Saturday Stew…

New Ownership

As if the Tesoro and Lost Treasure stories weren’t enough the following announcement came out yesterday.

Mollenhour Gross acquires Kellyco Metal Detectors

It would appear at least that this is positive news but time will tell….

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Okay Already…

For those of you who have taken an interest in my detecting forays or lack thereof…. I appreciate your concern and your encouragement. If and when I get out into the field I will be sure to let you know. Trust me! In the meantime no need to remind me…I’m well aware that my current “musings” aren’t always your cup of tea.

And since I don’t have anything scintillating to share here’s a do over from 2016…

MY BEST FINDS

I still get an email or two asking what my best find(s) are, and the following is a repeat of a post I made here three years ago….

Willing to bet that almost every treasure hunter/detectorist has been asked “what is the best thing you’ve ever found”, or “what is the most valuable thing you’ve found?” Also willing to bet that a good majority of you responded with something like “a lot of good friends and acquaintances”. Am I right? Well, that’s not a bad answer at all, and for a lot of reasons…..

First of all because it’s true.

This pastime has a knack for bringing like-minded people together in a big way. There’s a need to learn more from others, a need for partnering in the field, and a great need to band together to ensure our pastime is not legislated out of existence. I think we all know as well that no one else would understand what the hell we are talking about when we mumble things like VDI, mixed mode, RX gain, modulation, ground balance and hot rocks.

Secondly, using the good friends response allows you to not make public what is no one else’s business. Blabbing about your finds can get you into trouble in more ways than one. Not because you found them illegally but because sharing this information leads to further questions like where did you find it, how much is it worth, what did you do with it, and on and on. Information that could be passed on to others, and information that could result in theft, or worse.

I know a couple of treasure hunting friends who have found items that are worth a tidy sum and I appreciate their need for secrecy.  There were found through a lot of hard work, a great deal of research and they were found legally. They are also entitled to sell or dispose of them any way they see fit.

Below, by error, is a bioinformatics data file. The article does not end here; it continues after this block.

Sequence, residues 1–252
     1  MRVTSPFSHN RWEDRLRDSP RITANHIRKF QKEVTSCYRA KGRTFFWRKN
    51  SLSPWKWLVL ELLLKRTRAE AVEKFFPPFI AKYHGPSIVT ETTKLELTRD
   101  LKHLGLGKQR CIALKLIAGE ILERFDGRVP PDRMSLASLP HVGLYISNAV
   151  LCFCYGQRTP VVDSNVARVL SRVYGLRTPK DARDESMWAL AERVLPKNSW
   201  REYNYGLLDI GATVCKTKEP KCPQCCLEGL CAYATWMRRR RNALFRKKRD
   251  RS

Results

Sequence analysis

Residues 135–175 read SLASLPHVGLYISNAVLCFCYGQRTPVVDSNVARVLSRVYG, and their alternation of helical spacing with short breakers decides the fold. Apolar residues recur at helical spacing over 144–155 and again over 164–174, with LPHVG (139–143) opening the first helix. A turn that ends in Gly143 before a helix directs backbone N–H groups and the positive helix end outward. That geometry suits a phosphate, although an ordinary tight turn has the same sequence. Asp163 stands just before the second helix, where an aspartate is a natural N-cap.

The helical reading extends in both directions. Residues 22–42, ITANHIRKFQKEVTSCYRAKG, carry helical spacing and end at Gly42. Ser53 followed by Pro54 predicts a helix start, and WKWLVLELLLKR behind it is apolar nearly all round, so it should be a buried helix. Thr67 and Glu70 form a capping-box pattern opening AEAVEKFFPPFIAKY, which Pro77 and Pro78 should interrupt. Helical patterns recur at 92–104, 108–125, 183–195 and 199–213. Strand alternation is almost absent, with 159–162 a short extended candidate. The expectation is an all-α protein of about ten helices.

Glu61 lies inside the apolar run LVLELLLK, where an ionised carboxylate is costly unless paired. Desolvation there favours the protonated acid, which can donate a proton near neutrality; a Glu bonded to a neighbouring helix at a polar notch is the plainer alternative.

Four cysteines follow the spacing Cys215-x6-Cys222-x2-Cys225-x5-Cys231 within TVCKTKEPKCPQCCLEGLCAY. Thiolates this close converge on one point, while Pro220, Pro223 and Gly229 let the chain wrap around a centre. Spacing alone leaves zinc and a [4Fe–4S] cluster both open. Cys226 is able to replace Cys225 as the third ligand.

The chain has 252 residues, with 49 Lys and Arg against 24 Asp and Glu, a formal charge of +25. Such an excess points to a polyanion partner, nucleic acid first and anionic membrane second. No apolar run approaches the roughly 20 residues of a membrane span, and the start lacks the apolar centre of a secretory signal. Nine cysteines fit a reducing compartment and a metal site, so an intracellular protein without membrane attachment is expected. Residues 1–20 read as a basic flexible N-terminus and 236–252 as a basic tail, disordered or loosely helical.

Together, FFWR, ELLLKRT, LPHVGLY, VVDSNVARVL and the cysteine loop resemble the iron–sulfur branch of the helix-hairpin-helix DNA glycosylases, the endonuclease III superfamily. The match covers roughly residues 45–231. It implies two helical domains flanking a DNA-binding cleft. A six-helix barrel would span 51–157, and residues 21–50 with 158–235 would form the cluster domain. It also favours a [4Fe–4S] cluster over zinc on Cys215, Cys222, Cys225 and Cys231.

When I look back on all my years of detecting a great many items I dug were my “best” at the time, and as far as value goes, it’s difficult to put a price on them. Follow along and I think you will understand what I am saying….

When it comes to coins nothing can replace the first coin you found when you first started out. I remember mine, and I am sure you remember yours. Didn’t matter if it was a penny, dime or quarter.  It was a coin damn it, and validated your investment in a metal detector (No matter what your wife said). Believe it or not my first coin was a silver Washington quarter……

Next of course nothing can replace the first silver coin you find, especially if it followed nothing but clad, and mounds of trash (that shimmer of silver in the hole still makes my day, even after almost 40 years).

Nothing beats silver in the hole.....

Nothing beats the glint of silver in the hole…..

Next, was my first Barber, my first Seated, my first Bust coin, and I still remember my first Large cent, even though the date was unreadable. At THAT time ALL these were my “best” finds. Today if you try to pin me down, and ask me to name my very best find? It’s the one I am going to dig next time out….

I remember finding that first good ring? It was a small 14k child’s ring, and I found it at a rural school near my house in New Jersey. Over the years I found many rings, some good, some very good, and a few very, very good . Do I still have them? Yes, and I will more than likely pass them on to my grandkids, although they are there for that rainy day should I need them.